This was probably the biggest shocker for me. I’m a nobody 99% of the time and I usually prefer to keep it that way. So you can imagine my surprise when fellow conference attendees would say they’ve heard of me or recognized me after I introduced myself. But as we writers strive to build our platform on social media, the chances are pretty good that quite a few people at the conference have seen your name floating around Twitter or Facebook.

The Emotions
Almost every emotion can be experienced at a writers’ conference. There’s the excitement about seeing your writer buddies. Exhaustion from all the walking (seriously, it’s insane). Nervousness before you pitch. Rejection when the editor/agent isn’t interested in your story or exhilaration when they are. I was very nervous going into my first conference because it was all very new to me. For my second conference, I was still a bit nervous but more excited and eager to learn.

The Fellowship
You know going into a conference that you’ll be around other writers. But holy cow, it really hits you when you’re there. All these people understand this weird and crazy writing life with the writer’s block, deadlines, the ups and downs, and platform building. They get it. They understand ALL of it. A conference is where introverts like me can easily make conversation because we all, at least, have one thing in common. If you enter a writers’ conference not knowing a soul, I guarantee you’ll leave the conference with a handful of business cards and an arm-load of new friends.

The After-Conference Burn-Out
I applaud any writer that comes home after a conference and jumps straight back into writing. I’ll admit that it took me about a week or so to recover after the ACFW conference. All those emotions, the walking, the socializing, and the travel came crashing down when I got home. My introvert-meter (as I call it) was completely busted. I don’t think I moved much that first day back. So don’t feel bad if you don’t jump back on the writing train when you get home, there are plenty of us in a post-conference stupor.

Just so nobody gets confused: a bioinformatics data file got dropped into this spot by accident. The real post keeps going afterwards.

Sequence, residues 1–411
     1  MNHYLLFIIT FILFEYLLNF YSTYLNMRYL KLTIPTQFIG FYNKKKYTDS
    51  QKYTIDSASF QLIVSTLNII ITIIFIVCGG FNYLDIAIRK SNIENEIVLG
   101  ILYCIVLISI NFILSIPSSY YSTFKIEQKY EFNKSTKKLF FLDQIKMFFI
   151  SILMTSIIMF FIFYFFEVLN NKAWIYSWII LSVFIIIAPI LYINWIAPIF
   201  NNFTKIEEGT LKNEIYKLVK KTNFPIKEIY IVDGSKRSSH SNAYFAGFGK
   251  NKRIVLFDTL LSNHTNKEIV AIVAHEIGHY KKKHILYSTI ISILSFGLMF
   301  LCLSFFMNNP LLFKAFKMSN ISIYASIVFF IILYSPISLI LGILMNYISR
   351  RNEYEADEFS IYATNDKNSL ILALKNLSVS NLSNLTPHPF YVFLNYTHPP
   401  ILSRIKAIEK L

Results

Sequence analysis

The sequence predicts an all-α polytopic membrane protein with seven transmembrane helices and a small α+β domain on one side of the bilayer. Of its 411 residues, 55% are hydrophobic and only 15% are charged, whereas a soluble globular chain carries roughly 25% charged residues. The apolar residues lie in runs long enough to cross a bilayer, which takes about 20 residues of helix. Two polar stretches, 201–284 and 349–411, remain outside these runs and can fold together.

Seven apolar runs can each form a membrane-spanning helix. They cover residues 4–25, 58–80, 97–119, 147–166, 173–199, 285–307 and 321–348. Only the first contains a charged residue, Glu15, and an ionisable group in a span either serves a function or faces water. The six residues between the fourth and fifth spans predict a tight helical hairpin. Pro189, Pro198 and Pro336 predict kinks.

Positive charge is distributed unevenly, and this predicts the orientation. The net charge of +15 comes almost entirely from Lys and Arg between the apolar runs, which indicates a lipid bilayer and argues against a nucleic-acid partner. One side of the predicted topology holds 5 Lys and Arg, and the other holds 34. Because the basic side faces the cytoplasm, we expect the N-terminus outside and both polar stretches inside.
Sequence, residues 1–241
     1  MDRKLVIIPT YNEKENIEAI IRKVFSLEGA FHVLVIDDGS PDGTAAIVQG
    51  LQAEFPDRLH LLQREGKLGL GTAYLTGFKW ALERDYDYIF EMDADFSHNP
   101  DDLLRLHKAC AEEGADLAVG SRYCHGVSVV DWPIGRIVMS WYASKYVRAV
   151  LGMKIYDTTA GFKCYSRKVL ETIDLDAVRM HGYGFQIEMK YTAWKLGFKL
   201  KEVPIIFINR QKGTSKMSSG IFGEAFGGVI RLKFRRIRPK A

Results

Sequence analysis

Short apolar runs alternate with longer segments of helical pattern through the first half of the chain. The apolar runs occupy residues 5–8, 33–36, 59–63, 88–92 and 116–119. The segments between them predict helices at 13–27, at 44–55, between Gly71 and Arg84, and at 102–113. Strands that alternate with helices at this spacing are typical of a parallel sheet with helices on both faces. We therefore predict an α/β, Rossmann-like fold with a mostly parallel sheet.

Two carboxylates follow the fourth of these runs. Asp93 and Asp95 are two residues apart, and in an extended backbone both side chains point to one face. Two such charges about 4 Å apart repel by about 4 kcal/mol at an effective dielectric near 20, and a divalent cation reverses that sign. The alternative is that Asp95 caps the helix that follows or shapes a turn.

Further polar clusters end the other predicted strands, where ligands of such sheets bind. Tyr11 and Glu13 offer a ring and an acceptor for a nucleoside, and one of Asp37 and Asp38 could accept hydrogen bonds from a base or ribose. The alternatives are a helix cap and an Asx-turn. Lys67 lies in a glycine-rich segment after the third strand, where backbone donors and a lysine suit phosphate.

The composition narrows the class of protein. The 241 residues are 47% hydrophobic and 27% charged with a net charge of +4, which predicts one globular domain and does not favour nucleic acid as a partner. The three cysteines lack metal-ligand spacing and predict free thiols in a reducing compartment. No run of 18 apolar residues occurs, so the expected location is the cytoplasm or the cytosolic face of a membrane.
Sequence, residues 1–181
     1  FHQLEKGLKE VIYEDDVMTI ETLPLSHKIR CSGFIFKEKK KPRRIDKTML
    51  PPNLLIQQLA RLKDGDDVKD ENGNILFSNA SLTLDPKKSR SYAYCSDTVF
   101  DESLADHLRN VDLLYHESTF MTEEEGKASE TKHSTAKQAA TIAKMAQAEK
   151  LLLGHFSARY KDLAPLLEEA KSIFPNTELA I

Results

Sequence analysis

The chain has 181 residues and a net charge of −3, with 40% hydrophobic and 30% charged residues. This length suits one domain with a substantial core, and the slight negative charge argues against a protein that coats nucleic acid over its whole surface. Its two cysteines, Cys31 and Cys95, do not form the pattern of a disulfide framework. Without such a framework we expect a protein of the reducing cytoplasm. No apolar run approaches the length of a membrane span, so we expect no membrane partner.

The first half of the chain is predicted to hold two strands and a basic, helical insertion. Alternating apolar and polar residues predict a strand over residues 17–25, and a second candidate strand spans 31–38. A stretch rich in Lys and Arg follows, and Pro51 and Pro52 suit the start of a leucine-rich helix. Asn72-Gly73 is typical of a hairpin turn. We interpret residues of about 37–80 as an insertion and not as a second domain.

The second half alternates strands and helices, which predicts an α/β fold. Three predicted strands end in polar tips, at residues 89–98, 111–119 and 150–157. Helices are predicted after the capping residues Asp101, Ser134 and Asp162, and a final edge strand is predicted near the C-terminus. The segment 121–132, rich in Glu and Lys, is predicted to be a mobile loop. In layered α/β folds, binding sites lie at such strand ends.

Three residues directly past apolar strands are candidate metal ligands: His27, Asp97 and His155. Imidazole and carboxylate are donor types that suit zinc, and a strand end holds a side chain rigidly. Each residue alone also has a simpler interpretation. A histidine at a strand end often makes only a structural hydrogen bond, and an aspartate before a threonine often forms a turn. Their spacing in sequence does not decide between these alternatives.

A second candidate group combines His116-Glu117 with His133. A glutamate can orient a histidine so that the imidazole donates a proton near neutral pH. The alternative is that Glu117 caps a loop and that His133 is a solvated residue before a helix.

Your turn! What surprises did you encounter at a writers’ conference?


Four Essentials for the Writer-Mom.

I am a mom of two young kids, ages 3 and 1. There are days when it’s hard to put in a load of laundry, let alone write a book. My youngest is at that stage where you have to keep a constant eye on her or she will get into whatever it is she knows she’s not supposed to get into, whether it’s the remotes, my phone, or even my morning tea. So writing is sometimes not in the cards for me most days. But with a lot of prayer and even some caffeine, I managed to get a writing routine down and thought up four essentials we writer-moms need.

And I know, this list could be miles long.

Four Essentials for the Writer-Mom

A Notebook.
If your little ones are anything like mine, then having a laptop around would only trigger curious fingers to press ALL the buttons. A notebook has been a lifesaver for me. When I don’t have kids sitting (or jumping) on my lap, I grab my notebook and jot down ideas for the chapter I’m working on, and ideas for future chapters that I don’t want to forget. So when the kids are finally in bed, I already know what to work on when I’m at my desk. If a notebook is not your thing, there are a lot of great apps for your smartphone that can do the trick (I use WriterPlus).